In less than twenty years the Texas Conference asked General Conference to return Falls, Milam, Freestone, Robertson, and Leon Counties. The booming population of the North West Texas Conference had created a large imbalance in conference memberships. In 1910 the North West Texas Conference was itself divided into the Central Texas and North West Texas Conferences whose boundaries we observe to the present.

Sunday, April 09, 2006

This Week in Texas Methodist History April 9

Mattie Wright consecrated first deaconess in MEC, South, April 15, 1903

Although women have long constituted a majority of Methodists, they were denied leadership positions in almost all branches of the Wesleyan tradition. As the 19th century came to a close, though, several factors were converging that would allow women increasing opportunities for witness and service. In 1888 the General Conference of the MEC authorized the position of deaconess. Women quickly went to work in hospitals, orphanages, settlement houses, and schools. Cincinnati, Ohio, soon became a center of deaconess training for the MEC with a teaching hospital, residential facilities, and other support services.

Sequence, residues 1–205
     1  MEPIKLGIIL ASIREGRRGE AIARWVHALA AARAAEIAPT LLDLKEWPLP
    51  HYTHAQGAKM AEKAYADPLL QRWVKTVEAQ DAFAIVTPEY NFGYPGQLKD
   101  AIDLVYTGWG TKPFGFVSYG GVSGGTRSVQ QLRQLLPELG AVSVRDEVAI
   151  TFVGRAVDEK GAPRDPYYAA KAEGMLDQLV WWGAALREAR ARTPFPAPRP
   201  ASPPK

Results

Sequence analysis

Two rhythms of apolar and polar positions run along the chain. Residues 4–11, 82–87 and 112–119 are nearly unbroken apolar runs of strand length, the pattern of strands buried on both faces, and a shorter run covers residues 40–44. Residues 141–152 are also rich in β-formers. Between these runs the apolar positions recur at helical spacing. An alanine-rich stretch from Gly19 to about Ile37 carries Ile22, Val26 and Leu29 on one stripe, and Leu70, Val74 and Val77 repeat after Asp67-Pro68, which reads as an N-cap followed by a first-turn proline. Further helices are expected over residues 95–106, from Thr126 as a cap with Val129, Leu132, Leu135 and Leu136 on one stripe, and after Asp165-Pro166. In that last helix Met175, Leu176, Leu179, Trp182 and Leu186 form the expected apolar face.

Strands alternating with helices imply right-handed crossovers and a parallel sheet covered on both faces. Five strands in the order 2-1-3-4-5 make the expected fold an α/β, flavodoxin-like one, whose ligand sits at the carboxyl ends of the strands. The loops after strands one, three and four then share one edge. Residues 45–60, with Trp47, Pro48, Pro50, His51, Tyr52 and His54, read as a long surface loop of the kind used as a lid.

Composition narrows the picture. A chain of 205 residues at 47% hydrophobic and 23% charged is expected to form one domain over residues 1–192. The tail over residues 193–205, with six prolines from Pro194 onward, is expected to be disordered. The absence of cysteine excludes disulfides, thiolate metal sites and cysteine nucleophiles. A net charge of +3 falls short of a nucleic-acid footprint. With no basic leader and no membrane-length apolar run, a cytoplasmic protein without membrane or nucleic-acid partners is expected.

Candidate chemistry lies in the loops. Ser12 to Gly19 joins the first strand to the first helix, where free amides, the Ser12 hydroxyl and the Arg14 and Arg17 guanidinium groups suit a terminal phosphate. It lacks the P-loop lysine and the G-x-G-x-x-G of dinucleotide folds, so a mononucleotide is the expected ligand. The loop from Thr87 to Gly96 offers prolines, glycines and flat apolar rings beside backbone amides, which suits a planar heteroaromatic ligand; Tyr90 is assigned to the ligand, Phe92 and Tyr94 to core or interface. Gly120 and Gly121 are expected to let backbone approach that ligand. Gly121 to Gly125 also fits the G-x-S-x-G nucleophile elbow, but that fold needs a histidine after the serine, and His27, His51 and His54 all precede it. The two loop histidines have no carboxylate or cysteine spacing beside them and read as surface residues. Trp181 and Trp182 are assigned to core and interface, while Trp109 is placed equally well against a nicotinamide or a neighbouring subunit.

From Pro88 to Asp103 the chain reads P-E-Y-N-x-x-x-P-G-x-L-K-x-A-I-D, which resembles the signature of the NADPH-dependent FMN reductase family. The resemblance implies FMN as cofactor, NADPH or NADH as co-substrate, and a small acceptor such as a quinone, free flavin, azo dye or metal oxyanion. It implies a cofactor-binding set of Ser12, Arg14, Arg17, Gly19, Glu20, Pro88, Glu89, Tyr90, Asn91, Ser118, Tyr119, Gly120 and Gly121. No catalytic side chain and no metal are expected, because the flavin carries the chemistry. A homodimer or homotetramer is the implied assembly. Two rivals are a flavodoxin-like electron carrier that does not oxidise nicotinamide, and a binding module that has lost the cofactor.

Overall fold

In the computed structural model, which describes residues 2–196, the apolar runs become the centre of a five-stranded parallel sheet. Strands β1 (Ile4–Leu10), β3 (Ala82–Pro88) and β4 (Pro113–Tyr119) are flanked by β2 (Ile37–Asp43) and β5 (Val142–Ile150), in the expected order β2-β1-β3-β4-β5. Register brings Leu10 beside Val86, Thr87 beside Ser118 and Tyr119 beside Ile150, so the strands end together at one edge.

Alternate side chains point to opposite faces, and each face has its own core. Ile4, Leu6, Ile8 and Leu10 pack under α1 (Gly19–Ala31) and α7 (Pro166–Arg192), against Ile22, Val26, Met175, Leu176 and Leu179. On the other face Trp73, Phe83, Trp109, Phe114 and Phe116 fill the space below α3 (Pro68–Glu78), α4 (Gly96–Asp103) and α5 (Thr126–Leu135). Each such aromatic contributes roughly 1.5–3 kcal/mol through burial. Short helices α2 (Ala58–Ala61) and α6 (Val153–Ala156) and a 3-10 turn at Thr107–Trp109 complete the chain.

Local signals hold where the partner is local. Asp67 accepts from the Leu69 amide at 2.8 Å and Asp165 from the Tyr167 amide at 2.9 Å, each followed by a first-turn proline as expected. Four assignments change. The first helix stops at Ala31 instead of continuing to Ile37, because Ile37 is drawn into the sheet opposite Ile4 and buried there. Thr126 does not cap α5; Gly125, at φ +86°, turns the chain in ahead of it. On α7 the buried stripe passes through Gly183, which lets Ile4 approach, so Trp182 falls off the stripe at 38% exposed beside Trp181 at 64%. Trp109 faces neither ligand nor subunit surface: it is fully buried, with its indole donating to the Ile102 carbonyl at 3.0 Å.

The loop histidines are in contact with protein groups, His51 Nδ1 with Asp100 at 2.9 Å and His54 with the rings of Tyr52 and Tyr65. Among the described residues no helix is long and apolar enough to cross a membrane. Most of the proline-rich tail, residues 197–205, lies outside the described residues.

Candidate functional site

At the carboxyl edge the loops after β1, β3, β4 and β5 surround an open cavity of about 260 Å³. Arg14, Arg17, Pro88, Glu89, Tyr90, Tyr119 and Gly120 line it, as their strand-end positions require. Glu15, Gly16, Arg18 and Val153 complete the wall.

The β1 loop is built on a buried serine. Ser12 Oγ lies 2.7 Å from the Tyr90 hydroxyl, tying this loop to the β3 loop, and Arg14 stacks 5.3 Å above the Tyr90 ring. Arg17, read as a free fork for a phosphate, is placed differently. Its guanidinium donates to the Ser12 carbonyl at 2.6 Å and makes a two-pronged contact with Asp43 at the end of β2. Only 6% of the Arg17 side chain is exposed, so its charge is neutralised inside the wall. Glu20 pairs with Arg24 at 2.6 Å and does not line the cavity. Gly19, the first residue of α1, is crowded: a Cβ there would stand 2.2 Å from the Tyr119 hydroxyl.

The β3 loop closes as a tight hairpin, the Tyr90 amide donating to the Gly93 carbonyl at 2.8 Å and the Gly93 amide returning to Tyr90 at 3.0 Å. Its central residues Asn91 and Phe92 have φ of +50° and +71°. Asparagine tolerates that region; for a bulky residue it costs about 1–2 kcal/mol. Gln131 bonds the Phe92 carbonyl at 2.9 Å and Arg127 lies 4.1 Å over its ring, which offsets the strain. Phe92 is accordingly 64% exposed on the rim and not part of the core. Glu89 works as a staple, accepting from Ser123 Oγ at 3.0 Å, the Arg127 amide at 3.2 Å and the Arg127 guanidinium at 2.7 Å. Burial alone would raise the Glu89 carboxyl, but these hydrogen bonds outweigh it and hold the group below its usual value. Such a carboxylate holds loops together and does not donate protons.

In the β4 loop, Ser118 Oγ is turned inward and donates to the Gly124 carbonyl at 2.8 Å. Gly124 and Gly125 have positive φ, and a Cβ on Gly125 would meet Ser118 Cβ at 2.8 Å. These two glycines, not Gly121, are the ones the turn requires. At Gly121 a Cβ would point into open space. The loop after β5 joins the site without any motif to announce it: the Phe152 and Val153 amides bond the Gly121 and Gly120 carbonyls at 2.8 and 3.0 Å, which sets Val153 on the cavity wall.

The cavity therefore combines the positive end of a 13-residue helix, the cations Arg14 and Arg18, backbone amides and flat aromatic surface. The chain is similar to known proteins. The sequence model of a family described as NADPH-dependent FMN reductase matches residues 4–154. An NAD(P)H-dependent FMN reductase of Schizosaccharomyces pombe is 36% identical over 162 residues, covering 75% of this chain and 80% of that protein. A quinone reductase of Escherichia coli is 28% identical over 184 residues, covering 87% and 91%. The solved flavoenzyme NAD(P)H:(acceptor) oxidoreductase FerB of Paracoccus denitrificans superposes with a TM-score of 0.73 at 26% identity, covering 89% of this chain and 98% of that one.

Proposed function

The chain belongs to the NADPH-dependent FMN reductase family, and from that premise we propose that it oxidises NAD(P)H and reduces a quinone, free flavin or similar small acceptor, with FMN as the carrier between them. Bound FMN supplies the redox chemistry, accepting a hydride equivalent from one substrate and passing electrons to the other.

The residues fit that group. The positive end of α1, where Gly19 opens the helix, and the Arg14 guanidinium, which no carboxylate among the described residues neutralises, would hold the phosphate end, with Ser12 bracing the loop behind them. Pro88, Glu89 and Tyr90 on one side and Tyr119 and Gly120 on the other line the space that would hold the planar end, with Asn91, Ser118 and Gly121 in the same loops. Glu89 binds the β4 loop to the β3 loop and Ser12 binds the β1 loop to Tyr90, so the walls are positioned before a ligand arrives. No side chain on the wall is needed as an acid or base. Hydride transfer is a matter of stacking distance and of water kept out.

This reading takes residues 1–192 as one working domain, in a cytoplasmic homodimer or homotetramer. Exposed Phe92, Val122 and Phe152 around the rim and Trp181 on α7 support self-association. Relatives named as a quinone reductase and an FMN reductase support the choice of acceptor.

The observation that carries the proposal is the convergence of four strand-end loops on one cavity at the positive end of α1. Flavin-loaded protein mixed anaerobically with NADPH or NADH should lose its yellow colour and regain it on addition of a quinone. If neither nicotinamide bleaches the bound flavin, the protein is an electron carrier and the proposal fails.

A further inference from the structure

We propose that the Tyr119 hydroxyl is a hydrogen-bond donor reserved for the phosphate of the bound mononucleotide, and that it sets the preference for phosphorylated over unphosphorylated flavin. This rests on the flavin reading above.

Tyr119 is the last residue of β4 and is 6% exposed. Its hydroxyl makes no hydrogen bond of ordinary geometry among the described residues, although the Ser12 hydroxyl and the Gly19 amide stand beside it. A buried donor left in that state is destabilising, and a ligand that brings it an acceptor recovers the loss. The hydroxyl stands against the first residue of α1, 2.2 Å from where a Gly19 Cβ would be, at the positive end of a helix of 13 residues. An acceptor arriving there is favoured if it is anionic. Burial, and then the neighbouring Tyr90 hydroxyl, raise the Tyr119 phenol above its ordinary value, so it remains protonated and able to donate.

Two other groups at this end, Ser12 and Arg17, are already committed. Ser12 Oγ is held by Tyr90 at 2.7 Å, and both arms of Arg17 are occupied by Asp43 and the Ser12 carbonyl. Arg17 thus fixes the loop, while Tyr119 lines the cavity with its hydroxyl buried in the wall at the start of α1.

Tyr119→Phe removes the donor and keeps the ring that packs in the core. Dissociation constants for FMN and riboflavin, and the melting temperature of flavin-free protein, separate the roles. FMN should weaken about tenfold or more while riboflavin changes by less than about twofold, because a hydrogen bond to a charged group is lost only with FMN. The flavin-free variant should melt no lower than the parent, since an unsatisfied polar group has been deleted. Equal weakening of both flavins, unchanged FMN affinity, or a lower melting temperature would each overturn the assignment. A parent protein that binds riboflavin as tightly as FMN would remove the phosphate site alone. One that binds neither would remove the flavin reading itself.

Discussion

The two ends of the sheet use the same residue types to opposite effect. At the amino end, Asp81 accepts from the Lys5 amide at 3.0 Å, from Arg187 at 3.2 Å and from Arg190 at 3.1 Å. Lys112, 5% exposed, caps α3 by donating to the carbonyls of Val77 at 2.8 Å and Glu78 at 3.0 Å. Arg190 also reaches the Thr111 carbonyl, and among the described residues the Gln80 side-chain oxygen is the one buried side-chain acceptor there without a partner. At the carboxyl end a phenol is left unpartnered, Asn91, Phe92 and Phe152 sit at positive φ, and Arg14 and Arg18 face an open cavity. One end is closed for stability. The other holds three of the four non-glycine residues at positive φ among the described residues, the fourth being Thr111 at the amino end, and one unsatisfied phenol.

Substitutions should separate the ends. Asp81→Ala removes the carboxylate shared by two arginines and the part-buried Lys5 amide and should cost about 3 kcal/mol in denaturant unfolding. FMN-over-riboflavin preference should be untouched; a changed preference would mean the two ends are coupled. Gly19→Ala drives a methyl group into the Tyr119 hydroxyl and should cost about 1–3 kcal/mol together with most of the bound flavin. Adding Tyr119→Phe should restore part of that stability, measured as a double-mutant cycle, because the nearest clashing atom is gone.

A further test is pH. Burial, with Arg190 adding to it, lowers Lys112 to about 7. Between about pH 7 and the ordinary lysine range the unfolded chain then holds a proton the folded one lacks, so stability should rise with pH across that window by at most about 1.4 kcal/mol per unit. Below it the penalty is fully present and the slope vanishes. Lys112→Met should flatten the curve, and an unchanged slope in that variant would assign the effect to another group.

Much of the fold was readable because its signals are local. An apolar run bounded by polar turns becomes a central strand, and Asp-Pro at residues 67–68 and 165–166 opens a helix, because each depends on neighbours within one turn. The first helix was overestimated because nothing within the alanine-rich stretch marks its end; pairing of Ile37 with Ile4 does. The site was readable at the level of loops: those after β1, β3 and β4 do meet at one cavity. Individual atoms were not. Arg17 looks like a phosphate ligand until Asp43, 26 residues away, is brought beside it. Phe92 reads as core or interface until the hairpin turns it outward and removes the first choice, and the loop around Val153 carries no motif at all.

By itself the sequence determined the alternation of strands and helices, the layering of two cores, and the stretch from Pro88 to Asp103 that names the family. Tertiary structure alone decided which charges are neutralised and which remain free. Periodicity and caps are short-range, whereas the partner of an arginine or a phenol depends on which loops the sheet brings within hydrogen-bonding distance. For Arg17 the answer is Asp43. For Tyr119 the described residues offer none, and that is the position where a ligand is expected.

The MECS was slower to act, but the General Conference of 1902 created the office of deaconess. Mattie Wright became the first woman so consecrated on April 15, 1903. In 1907 Deaconess Wright was appointed to Houston. Houston at that time was establishing itself as the petroleum capital of the southwest. The port was expanding, and a population boom was underway. Wright soon identified the need for housing for young, unmarried women who had come to Houston seek employment in the burgeoning city. Very soon after her arrival in Houston, Wright rented a seven room house on the corner of Conti and Chapman streets (a few bocks north of downtown). Houston Methodists soon furnished the home, and twelve women soon resided at the Cooperative Home for Working Girls.

Wright had to turn away prospective residents almost daily. This distressed her so that she threw herself into finding larger accomodations. When a hotel on North Main became available, she convinced Houston Methodists to acquire it. Ater some remodeling in which the saloon was turned into a kindergarten and the billiard hall into a clinic. the "Wesley House" opened for business. The facility was soon filled with young women. They were provided much more than a safe place to stay. McKee Stree Methodist Church provided opportunities for spiritual growth. There was also wholesome recreation in the form of sports teams, some health care, community, and friendship with a loving deaconess--Mattie Wright.